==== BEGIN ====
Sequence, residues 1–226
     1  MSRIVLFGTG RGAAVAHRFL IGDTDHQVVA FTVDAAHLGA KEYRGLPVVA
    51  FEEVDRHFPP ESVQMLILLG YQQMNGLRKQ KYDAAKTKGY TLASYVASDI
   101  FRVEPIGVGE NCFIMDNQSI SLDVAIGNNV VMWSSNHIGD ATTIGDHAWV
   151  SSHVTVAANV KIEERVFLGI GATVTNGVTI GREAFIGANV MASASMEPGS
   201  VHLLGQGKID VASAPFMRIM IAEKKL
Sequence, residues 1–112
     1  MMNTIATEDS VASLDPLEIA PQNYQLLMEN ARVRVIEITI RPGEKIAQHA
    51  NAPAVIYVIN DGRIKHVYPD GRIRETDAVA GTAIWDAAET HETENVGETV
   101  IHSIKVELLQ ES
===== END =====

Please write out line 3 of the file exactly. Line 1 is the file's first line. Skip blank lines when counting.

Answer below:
    51  FEEVDRHFPP ESVQMLILLG YQQMNGLRKQ KYDAAKTKGY TLASYVASDI